jenhominid:

I want a secret garden. 

29,601 notes   -  24 April 2014


52,145 notes   -  24 April 2014

270
squiglet:

I like this one

squiglet:

I like this one




kushandwizdom:

Hip Hop quotes here

53,559 notes   -  24 April 2014



96,022 notes   -  24 April 2014


thatfunnyblog:

George throwing a bitch to the floor

Funny Stuff you like?

134,610 notes   -  24 April 2014



tastefullyoffensive:

Dogfighter [itdoof/gif]

14,188 notes   -  24 April 2014


Sketches (by Glen Keane) and final animation

17,789 notes   -  24 April 2014


runzi333:

kkobun:

karpetsharks-art:

sometimes if i’m having trouble drawing certain head/body shapes of animals i practice by drawing over photos of them…..

i never share them though because i think it’s kind of silly….

I should so try that

Wow thats a really cool trick!

7,880 notes   -  24 April 2014

stunningpicture:

Interior of a mosque in Iran



onlylolgifs:

dubbayoo:

“Marina Abramovic and Ulay started an intense love story in the 70s, performing art out of the van they lived in. When they felt the relationship had run its course, they decided to walk the Great Wall of China, each from one end, meeting for one last big hug in the middle and never seeing each other again. at her 2010 MoMa retrospective Marina performed ‘The Artist Is Present’ as part of the show, a minute of silence with each stranger who sat in front of her. Ulay arrived without her knowing it and this is what happened.”

224,579 notes   -  24 April 2014


stonerchaarm:

sixpenceee:

As someone who wants to study the human consciousness I found this very interesting.

Scott Routley was a “vegetable”. A car accident seriously injured both sides of his brain, and for 12 years, he was completely unresponsive.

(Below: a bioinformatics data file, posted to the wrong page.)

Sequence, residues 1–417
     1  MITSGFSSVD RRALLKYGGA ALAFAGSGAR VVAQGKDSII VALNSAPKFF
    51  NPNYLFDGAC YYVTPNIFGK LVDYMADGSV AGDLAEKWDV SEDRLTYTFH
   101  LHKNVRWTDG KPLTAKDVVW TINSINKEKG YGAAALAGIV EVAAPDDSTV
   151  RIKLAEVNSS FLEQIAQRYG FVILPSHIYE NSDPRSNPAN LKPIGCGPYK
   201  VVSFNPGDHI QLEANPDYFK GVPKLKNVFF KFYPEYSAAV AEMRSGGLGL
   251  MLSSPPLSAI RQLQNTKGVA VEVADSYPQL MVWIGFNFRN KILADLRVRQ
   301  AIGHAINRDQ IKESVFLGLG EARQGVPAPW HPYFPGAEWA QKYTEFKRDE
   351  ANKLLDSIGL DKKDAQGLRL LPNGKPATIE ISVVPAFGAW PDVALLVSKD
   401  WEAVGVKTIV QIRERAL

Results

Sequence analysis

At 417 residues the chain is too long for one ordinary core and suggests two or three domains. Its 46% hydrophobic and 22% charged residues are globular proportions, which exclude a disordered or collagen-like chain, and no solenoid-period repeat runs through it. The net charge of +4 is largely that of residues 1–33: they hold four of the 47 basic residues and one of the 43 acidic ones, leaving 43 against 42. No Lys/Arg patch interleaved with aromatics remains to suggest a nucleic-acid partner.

Unable to speak or track people with his eyes, it seemed that Routley was unaware of his surroundings, and doctors assumed he was lost in limbo. They were wrong.

In 2012, Professor Adrian Owen decided to run tests on comatose patients like Scott Routley. Curious if some “vegetables” were actually conscious, Owen put Routley in an fMRI and told him to imagine walking through his home. Suddenly, the brain scan showed activity. Routley not only heard Owen, he was responding.

Next, the two worked out a code. Owen asked a series of “yes or no” questions, and if the answer was “yes,” Routley thought about walking around his house. If the answer was “no,” Routley thought about playing tennis.

These different actions showed activity different parts of the brain. Owen started off with easy questions like, “Is the sky blue?” However, they changed medical science when Owen asked, “Are you in pain?” and Routley answered, “No.” It was the first time a comatose patient with serious brain damage had let doctors know about his condition.

While Scott Routley is still trapped in his body, he finally has a way to reach out to the people around him. This finding has huge implications.

SOURCE

WOW, THAT’S AMAZING

131,842 notes   -  23 April 2014